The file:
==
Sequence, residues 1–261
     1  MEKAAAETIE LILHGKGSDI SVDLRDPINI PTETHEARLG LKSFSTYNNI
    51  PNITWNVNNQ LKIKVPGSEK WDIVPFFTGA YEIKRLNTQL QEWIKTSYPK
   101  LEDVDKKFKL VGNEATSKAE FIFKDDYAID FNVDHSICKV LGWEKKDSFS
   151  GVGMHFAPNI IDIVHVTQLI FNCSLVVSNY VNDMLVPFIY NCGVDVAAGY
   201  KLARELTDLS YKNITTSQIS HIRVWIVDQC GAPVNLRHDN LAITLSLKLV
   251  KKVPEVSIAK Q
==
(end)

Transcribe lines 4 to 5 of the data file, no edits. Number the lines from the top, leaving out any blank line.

   101  LEDVDKKFKL VGNEATSKAE FIFKDDYAID FNVDHSICKV LGWEKKDSFS
   151  GVGMHFAPNI IDIVHVTQLI FNCSLVVSNY VNDMLVPFIY NCGVDVAAGY